Realizing the Significance of Life

by Suphang Rujanawech, Thailand



Ms. Rujanawech at workMs. Rujanawech at work

I am a Buddhist by birth, but I had never clearly understood Buddhism until I met a Japanese friend who came to install and implement computer systems for the company where I worked as an IT manager in Thailand. At that time my life was in a miserable condition, my marriage was falling apart, and the business I ran on the side was going downhill. I ended up heavily in debt.

In 1996, this friend of mine told me about Nichiren Buddhism. He said that Buddhism stresses how sacred and precious life, especially human life, is. He told me of the letter by Nichiren which reads: “A single day of life is worth more than all the treasures of the universe,” and explained how we can have an influence on our environment by practicing Buddhism and chanting Nam-myoho-renge-kyo. I realized that trying to escape could by no means help me solve my problems.

I felt I had found the true significance of life and how we should lead our lives as human beings.

Before meeting this friend, I was honestly thinking of dying or running away from my sufferings. He gave me two books which I finished reading in no time. I was deeply impressed and started chanting. As I read more, I felt I had found the true significance of life and how we should lead our lives as human beings.

I was very impressed when I saw that SGI President Daisaku Ikeda wrote that “the purpose of life is to achieve happiness. The spirit underlying the culture of genuine community, peaceful coexistence, is no different, aspiring to establish indestructible happiness for all living beings.” I feel there is great truth in these words. Although I had received a good opportunity to study abroad, I had successfully graduated in computer science and I had capability in my work, I was not happy. Gradually, by chanting, I could feel I was able to gain wisdom and bring forth my full potential. Instead of blaming others, I began to feel more confident in coping with problems in life and learned to live more creatively. My life has changed and become better since I started practicing this Buddhism. My marriage ended with separation, but we are now good friends. My financial situation also improved, and I was able to negotiate with the creditors and gradually pay back my debt.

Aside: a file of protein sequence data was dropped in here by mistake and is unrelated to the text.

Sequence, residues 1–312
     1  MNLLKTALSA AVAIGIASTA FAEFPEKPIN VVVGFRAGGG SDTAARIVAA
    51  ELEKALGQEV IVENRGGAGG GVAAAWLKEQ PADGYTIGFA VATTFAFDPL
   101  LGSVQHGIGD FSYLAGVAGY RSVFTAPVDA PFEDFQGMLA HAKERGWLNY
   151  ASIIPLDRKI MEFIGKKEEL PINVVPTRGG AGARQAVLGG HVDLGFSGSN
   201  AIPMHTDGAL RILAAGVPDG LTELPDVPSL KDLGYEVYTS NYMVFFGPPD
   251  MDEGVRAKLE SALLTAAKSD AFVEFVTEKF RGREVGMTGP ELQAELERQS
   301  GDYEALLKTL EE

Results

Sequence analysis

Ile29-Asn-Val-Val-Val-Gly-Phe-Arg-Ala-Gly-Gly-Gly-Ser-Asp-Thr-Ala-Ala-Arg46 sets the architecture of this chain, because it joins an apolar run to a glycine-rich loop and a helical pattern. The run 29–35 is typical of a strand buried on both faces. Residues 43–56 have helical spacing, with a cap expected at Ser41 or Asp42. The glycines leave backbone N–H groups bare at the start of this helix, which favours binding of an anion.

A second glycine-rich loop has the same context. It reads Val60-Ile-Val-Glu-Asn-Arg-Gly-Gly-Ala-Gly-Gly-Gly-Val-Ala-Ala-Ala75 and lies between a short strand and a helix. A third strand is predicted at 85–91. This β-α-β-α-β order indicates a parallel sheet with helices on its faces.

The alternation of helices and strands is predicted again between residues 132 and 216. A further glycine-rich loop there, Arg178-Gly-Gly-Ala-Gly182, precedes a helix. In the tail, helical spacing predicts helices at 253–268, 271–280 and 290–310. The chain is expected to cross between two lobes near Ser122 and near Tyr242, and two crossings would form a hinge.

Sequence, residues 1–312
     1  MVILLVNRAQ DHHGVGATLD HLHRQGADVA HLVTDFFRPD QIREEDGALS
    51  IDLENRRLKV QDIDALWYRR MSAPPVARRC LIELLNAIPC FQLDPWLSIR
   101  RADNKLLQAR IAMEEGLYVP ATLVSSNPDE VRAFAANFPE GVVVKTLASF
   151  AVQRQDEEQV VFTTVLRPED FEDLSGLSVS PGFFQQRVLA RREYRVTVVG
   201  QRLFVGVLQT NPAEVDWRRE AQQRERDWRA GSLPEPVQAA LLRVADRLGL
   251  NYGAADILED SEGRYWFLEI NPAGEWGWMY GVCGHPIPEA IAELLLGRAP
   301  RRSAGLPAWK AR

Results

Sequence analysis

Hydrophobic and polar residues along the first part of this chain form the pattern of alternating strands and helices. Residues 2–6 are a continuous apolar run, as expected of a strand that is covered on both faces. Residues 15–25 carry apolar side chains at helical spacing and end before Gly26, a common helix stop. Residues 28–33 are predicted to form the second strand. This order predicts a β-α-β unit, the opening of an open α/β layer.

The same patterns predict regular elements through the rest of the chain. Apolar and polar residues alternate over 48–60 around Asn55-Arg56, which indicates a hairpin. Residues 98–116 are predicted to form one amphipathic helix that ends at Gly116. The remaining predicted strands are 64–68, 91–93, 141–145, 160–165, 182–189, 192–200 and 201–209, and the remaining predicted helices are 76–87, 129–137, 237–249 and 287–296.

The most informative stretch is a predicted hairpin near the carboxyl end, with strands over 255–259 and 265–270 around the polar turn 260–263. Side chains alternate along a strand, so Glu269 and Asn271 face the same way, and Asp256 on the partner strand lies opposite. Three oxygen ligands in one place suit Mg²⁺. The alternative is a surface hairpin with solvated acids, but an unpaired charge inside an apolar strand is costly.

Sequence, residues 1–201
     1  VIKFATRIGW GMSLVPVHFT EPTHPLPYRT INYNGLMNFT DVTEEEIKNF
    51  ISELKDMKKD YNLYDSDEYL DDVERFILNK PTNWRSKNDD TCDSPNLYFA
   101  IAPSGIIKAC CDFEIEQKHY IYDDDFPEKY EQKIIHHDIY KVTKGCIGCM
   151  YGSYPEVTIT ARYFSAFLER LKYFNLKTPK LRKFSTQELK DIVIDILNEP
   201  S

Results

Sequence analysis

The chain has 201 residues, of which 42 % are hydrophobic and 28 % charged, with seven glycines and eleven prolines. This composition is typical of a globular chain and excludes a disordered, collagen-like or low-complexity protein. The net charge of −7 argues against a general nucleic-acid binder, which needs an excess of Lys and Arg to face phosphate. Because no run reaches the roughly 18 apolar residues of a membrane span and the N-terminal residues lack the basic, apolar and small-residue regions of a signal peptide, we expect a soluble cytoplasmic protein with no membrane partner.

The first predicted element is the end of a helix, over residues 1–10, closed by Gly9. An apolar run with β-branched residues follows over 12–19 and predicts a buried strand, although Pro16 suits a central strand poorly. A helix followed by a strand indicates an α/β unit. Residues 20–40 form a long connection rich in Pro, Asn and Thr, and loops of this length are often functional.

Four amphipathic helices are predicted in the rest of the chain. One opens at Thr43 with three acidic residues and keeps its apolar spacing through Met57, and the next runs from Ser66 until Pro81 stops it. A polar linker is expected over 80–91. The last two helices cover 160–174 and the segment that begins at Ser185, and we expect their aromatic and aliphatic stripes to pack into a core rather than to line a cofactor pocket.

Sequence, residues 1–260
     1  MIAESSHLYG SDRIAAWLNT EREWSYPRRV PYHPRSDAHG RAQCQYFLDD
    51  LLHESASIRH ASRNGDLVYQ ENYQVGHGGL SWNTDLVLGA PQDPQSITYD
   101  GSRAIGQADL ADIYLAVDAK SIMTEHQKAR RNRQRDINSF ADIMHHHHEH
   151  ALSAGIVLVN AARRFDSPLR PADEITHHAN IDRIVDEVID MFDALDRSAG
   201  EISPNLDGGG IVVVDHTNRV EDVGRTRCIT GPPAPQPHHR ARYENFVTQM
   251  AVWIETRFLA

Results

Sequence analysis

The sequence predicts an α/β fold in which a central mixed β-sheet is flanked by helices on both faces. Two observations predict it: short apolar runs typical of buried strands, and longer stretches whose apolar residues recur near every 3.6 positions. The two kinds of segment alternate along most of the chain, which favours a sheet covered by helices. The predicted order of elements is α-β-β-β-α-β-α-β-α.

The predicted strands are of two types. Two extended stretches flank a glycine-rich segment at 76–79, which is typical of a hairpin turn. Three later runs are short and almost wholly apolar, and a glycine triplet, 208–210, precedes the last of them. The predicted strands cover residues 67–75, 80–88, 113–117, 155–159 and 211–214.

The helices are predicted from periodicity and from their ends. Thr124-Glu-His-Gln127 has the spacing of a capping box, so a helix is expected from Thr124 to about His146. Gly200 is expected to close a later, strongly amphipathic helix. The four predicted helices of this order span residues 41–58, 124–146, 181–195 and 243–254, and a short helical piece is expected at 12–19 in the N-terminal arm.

We human beings have great expectations of the benefits that information technology and genetic engineering will bring. Yet I feel it is tragic that what has followed the global march of civilization is the retreat of a tradition of coexistence, the art of living together. Working environments are now very competitive, and coworkers are losing a sense of friendship. Family relationships are fading and becoming weaker. I think compassion is a key factor to heal and improve human relationships.

related article Creating a Satisfactory Outcome Creating a Satisfactory Outcome by  Colin Bergamin,  UK Colin Bergamin reflects on how his living and job situation encouraged him to chant for change in his life. I am now starting to work as freelance translator. I have translated many books concerning IT, and, as a graduate in computer science, I find Buddhism and computer technology astonishingly alike. Buddhism views everything from the perspective of the law of cause and effect, while the computer is a technology that developed from the law of logic, on the basis of input and output. Buddhism is a means to develop wisdom, while computers develop knowledge. I feel that there is no contradiction between Buddhism and technology.

In addition to my work, I also help my sister run an Internet shop, and there I teach children to use computers. I always encourage them to search for knowledge and useful information from the Internet instead of using it only for “chatting” or worse. I also translate books concerning Nichiren Buddhism into Thai as I feel the need to share with others what I have experienced from practicing Buddhism.

Young people in today’s world are growing up with technology. They are digitally but not spiritually mature, and many people live their lives without any goals or sense of direction. Religion may be the last thing they think about.

I feel that it is necessary to encourage the youth and people of this world who are obsessed with high technology to recognize that Buddhism is a contemporary issue, not obsolete. If we can help young people perceive the correct way to lead their lives, we are sure to have more capable youth with a positive vision who can lead their lives happily and steer the world toward peace and harmony.

[Courtesy October 2002 SGI Quarterly]

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